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Aztec Ruins National Monument

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Title: Aztec Ruins National Monument  
Author: World Heritage Encyclopedia
Language: English
Subject: Kiva, Aztec, New Mexico, Farmington, New Mexico, Featured picture candidates/Aztec Ruins National Monument by RO, World Heritage Sites in the United States
Collection: 1923 Establishments in New Mexico, 1923 Establishments in the United States, Ancestral Puebloans, Archaeological Museums in New Mexico, Archaeological Sites on the National Register of Historic Places in New Mexico, Former Populated Places in New Mexico, History of San Juan County, New Mexico, Museums in San Juan County, New Mexico, National Park Service National Monuments in New Mexico, Native American Archeology, Native American History of New Mexico, Native American Museums in New Mexico, Open-Air Museums in New Mexico, Protected Areas Established in 1923, Protected Areas of San Juan County, New Mexico, Pueblo Great Houses, Ruins in the United States, World Heritage Sites in the United States
Publisher: World Heritage Encyclopedia

Aztec Ruins National Monument

Aztec Ruins National Monument
IUCN category V (protected landscape/seascape)
Map showing the location of Aztec Ruins National Monument
Location San Juan County, New Mexico, US
Nearest city Aztec
Coordinates [1]
Area 318 acres (129 ha)[2]
Created January 24, 1923 (1923-Jan-24)
Visitors 41,106 (in 2011)[3]
Governing body National Park Service
Part of Chaco Culture National Historical Park
Type U.S. historic district
Designated October 18, 1966
Reference no. 66000484[4]

The Aztec Ruins National Monument preserves Ancestral Puebloan structures in north-western New Mexico, United States, located close to the town of Aztec and northeast of Farmington, near the Animas River. Salmon Ruins and Heritage Park, with more Puebloan structures, lies a short distance to the south, just west of Bloomfield near the San Juan River. The buildings date to the 11th to 13th centuries, and the misnomer attributing them to the Aztec civilization can be traced back to early American settlers in the mid-19th century. The actual construction was by the Ancestral Puebloans.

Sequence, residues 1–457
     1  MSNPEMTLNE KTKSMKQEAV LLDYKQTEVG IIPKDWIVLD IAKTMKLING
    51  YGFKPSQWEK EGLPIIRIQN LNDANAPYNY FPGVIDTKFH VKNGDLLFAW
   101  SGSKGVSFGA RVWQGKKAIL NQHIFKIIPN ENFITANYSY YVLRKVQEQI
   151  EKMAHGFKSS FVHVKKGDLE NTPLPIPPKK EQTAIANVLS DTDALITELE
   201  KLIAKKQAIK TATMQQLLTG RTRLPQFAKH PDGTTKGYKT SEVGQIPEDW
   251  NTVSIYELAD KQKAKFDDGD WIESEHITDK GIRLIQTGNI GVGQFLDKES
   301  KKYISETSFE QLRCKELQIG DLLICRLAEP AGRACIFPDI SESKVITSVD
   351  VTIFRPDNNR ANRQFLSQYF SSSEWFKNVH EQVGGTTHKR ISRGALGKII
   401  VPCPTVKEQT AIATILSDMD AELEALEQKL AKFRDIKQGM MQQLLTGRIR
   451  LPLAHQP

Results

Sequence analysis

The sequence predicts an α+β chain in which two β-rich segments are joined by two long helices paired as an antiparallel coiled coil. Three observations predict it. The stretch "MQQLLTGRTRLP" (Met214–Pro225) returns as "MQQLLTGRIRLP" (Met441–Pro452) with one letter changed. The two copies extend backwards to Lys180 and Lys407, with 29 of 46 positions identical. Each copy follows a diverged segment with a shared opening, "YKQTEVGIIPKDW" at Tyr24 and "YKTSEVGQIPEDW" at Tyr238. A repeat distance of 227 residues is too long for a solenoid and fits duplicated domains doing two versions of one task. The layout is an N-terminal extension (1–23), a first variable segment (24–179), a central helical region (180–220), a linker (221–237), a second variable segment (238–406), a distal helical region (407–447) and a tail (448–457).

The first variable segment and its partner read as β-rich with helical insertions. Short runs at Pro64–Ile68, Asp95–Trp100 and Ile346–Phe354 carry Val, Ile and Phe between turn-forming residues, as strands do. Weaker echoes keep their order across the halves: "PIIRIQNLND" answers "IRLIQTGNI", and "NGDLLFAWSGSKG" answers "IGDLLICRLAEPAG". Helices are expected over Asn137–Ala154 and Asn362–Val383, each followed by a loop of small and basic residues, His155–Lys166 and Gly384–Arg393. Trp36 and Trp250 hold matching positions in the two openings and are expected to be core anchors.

The site was declared "Aztec Ruin National Monument" on January 24, 1923, and with a boundary change it was renamed "Ruins" on July 2, 1928. As a historical property of the National Park Service the National Monument was administratively listed on the National Register of Historic Places on October 15, 1966. Aztec Ruins was added to the UNESCO list of World Heritage Sites, as part of the Chaco Culture National Historical Park, on December 8, 1987. The site is on the Trails of the Ancients Byway, one of the designated New Mexico Scenic Byways.[5]


  1. ^ "Aztec Ruins National Monument".  
  2. ^ "Listing of acreage as of December 31, 2011". Land Resource Division, National Park Service. Retrieved March 18, 2012. 
  3. ^ "NPS Annual Recreation Visits Report". National Park Service. Retrieved March 18, 2012. 
  4. ^ "National Register Information System". National Register of Historic Places.  
  5. ^ Trail of the Ancients. New Mexico Tourism Department. Retrieved August 14, 2014.
Aztec West. Overview of Chacoan structure, with Hubbard Mound at lower left.
A color panorama of a large sandstone ruin

External links

  • Aztec Ruins - Photos, Videos, and Maps
  • National Park Service website
  • Travel ItineraryDiscover Our Shared HeritageAmerican Southwest, a National Park Service
  • UNESCO World Heritage site
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